It should be no surprise that another large company has been hacked. Most Cyber Security professionals will tell you it’s not a matter of if, but when your organization will suffer a breach. It has recently come to light that ride sharing giant Uber suffered such a breach in 2016. If the fact that 57 million users had their data stolen isn’t shocking enough, the shocking part is Uber tried to hide the breach by paying hackers $100,000 to delete this data and keep the incident quiet. According to a Forbes article on the breach, Uber is “a shady company that does shady things.” They explain “Uber’s security leaders took the actions they did because: a) they expected to get away with it, b) it aligned with Uber’s corporate culture, and c) it followed the pattern of how Uber handled issues.” Yikes!
As a result of these latest developments, Uber is now facing some serious legal issues. Lawsuits are starting to pile up on Uber, everything from class action suits to the Washington State Attorney General filling a consumer protection lawsuit against the company. According to state law, Washington residents must be notified within 45 days of the breach, and the Attorney general must also be notified within 45 days. At over a year since the breach, Uber is clearly in violation.
In addition to the lawsuits, some high-profile firings have also come about. “Former CISO Joe Sullivan, who spearheaded incident response, and his deputy have both been fired for mishandling the hack.” A new CEO, Dara Khosrowshahi, is now tasked with handling the breach, and with improving security measures at the company. Khosrowshahi has said "we will learn from our mistakes" and "we are changing the way we do business."
From what we have seen in the news so far, everything that Uber has done is the wrong way to handle a breach. So far, the fall out has been a decline in consumer trust and law suits, with many more to come. So, what should your organization do in the event of a breach?
Most consumers are far more concerned with how a breach is handled vs. the fact that one occurred. According to an article in Entrprenuer.com, transparency is key if you want to maintain trust with consumers: “If you make a mistake, admit to it. If you have some bad news, reveal it in full. The more open and honest you are about what happens behind the scenes of your company, the more people will be able to trust you -- even if everything you say isn’t 100 percent positive.” In addition, companies need to build a breach response plan to prepare for a breach, and prepare for the response after the fact. A company that knows how it secures its data, what may be vulnerable, and is aware of a breach right away, tends to have more credibility with consumers. Breach Readiness as a Service (BRaaS) is a new service available from Uzado, which can also help a business prepare for a breach. “Uzado's BRaaS offers customers a proven proactive approach in preparation for a breach. Uzado will work with organizations to set up policies and procedures, form response teams where individuals will be assigned specific roles, establish the required channels of communications, and much more.”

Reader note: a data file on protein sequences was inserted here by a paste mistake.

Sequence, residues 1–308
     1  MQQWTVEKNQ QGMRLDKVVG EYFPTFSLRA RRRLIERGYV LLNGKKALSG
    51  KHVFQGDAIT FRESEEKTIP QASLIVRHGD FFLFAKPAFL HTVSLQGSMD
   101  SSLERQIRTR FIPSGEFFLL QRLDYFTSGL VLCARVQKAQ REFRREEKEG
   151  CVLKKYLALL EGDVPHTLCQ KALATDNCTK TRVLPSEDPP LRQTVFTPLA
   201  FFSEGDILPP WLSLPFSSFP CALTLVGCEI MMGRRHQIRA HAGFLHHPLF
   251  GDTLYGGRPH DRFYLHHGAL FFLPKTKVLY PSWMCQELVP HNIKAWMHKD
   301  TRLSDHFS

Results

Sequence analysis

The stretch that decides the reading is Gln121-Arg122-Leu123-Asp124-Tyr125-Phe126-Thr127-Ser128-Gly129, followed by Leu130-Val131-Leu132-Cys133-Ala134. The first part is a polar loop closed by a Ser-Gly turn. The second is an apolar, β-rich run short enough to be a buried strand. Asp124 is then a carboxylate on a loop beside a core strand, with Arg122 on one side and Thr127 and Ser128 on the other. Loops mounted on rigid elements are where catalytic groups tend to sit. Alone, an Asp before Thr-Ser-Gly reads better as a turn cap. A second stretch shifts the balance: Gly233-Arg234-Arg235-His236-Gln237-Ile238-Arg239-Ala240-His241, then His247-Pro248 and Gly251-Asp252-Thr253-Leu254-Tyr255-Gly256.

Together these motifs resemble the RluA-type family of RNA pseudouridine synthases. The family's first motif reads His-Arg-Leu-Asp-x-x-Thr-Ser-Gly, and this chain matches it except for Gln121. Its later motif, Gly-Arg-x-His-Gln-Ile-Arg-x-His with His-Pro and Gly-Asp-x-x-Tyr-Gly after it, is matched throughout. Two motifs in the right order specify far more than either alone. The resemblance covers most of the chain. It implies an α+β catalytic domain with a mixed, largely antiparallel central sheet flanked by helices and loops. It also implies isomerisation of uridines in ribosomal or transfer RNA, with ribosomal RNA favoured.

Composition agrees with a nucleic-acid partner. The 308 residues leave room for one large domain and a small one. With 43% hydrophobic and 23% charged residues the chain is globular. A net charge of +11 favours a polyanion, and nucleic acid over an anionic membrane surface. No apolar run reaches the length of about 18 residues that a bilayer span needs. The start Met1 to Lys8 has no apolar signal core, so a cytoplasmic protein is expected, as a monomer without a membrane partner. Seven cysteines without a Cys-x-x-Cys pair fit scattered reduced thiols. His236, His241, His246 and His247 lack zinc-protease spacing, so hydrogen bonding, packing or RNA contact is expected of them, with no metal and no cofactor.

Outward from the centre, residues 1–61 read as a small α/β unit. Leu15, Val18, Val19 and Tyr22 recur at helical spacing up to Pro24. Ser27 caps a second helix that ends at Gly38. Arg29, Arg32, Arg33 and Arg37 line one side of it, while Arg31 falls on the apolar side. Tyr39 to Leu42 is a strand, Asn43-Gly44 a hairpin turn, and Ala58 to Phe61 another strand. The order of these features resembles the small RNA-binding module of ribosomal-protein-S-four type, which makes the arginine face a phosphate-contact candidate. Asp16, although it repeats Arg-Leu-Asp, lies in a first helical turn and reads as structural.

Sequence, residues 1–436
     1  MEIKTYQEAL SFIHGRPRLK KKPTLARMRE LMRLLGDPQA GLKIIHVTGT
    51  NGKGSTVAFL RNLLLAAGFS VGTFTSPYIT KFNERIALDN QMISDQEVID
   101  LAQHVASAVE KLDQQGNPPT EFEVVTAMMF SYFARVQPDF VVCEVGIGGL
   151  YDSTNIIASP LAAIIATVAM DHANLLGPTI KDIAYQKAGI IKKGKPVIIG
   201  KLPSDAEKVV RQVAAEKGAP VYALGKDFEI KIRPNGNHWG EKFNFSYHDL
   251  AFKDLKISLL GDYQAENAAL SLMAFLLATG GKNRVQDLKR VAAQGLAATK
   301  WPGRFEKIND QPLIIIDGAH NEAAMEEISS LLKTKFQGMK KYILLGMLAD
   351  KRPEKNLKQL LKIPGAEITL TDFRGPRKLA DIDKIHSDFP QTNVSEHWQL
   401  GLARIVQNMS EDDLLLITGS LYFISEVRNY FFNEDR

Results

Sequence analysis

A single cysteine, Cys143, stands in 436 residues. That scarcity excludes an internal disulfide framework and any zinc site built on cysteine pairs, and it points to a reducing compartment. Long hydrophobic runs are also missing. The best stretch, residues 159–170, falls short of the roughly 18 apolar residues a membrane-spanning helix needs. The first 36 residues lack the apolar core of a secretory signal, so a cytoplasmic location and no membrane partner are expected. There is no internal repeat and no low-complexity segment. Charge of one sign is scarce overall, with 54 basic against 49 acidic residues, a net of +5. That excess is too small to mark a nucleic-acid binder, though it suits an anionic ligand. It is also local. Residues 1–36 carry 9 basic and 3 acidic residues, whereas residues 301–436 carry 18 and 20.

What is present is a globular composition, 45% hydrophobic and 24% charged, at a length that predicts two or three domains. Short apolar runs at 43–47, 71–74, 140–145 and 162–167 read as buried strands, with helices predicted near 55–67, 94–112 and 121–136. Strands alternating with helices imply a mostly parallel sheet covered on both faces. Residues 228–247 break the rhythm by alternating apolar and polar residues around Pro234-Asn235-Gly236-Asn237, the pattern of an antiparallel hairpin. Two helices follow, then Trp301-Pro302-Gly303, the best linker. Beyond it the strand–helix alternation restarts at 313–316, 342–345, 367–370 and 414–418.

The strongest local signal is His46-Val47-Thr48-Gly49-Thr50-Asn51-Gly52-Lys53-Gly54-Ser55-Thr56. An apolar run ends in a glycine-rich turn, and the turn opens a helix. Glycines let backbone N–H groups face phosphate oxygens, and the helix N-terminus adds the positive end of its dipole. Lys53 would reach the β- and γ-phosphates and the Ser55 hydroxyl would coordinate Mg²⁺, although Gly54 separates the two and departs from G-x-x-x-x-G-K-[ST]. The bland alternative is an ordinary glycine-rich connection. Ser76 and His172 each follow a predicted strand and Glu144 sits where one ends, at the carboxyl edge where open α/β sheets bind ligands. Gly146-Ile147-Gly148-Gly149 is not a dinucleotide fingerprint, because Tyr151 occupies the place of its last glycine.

Dave Millier wrote Breached: A Cautionary Tale of Cybersecurity and Intrigue in 2015 based on his observations from many years of IT security consulting. Seeing all the mistakes made by businesses in dealing with security, he foresaw the coming vulnerabilities inherent in our mobile app dependent world. The story of Breached revolves around a trendy brew pub’s app that gets hacked, how the company struggles with how to handle the situation and how to prevent something similar in the future. Fast forward to today, and we are dealing with an app that not only suffered a breach, but tried to cover it up! Real life really does imitate fiction! Despite how quickly technology evolves, Millier’s book is still a must read for executives who want to prevent an Uber disaster.